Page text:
The most captivating outlook of Albany’s peak-rimmed harbour is from the top of Mt Adelaide, where a new Anzac Interpretive Centre is being built. Moving stories of numerous men and women will be detailed within its walls, granting viewers an insight into the fervour surrounding the war effort and the horror of its reality. The centre is due to open during the town’s commemorative events. Fittingly, it’ll be housed within the Princess Royal Fortress, now a military museum, which was constructed in 1893 as a key defence spot to what was seen, even then, as a strategic entry point to Australia.

A nod of respect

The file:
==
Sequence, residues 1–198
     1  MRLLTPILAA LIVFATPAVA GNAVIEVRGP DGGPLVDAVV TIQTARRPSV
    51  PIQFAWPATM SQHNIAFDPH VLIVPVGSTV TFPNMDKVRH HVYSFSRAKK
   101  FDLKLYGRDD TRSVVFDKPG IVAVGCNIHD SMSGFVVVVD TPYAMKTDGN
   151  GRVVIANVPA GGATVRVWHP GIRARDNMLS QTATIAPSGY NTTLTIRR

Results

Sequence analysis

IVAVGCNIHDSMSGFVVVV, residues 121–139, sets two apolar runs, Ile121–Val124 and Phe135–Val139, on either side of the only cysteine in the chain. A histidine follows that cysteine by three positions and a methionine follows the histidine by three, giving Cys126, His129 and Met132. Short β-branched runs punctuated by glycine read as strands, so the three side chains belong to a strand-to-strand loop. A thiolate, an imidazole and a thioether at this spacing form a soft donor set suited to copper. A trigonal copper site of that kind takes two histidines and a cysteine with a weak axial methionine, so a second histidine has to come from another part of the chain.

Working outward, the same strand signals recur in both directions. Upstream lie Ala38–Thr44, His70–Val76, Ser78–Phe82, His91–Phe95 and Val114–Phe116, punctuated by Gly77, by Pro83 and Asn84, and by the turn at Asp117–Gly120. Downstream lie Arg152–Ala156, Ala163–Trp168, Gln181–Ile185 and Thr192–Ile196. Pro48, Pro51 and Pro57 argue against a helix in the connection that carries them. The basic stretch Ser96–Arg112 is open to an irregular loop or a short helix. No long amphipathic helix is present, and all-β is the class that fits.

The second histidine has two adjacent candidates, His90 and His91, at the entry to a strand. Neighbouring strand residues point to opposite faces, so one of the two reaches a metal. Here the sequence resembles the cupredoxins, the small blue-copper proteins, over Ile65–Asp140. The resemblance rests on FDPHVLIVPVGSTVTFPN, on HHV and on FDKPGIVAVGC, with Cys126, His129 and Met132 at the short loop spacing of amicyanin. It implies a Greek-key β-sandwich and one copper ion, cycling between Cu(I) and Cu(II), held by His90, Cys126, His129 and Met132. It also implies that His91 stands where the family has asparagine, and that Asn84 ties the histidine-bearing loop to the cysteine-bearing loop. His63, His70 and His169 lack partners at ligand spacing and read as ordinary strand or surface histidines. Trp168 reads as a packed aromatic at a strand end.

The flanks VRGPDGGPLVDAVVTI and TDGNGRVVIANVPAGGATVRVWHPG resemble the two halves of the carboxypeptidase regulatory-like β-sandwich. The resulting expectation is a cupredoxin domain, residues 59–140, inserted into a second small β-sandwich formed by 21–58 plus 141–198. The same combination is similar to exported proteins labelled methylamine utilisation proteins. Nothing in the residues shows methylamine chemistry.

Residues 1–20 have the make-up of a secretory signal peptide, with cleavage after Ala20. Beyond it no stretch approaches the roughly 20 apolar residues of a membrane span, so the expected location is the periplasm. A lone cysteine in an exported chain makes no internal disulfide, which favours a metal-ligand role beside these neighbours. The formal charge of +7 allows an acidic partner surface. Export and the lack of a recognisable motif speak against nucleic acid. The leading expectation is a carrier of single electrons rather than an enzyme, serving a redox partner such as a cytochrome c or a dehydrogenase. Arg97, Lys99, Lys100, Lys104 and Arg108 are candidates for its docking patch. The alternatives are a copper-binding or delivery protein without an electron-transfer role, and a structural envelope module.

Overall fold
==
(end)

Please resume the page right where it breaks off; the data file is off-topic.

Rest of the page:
Helpfully for visitors, all of Albany’s Anzac memorials are walking distance apart. Mt Clarence sits beside Mt Adelaide, and is home to the Desert Mounted Corps Memorial, a recast of the original memorial statue erected in Suez, Egypt, in 1932 (since destroyed by rioters). Diggers sit atop rearing horses, held up by granite blocks taken from Suez — bullet marks can still be seen on them. Meanwhile, the Anzac Peace Park is found at the tail of the main street on the town’s placid foreshore. It pays tribute to all who served in WWI, with engraved panels along the park’s Pier of Remembrance representing the ships that left Albany’s waters. Another memento is found along Ellen Cove boardwalk, a scenic three-kilometre stretch that traces the harbour east to Middleton Beach. There stands a life-size statue of Mustafa Kemal Atatürk, a military officer who helped win the battle of Gallipoli against the Anzacs and later became the first president of Turkey. Despite being on the opposing side, Atatürk later described the Diggers as “heroes” who could rest in peace in the soil of a “friendly country”. The respect he showed for the Anzacs was pivotal in bringing the post-war nations closer.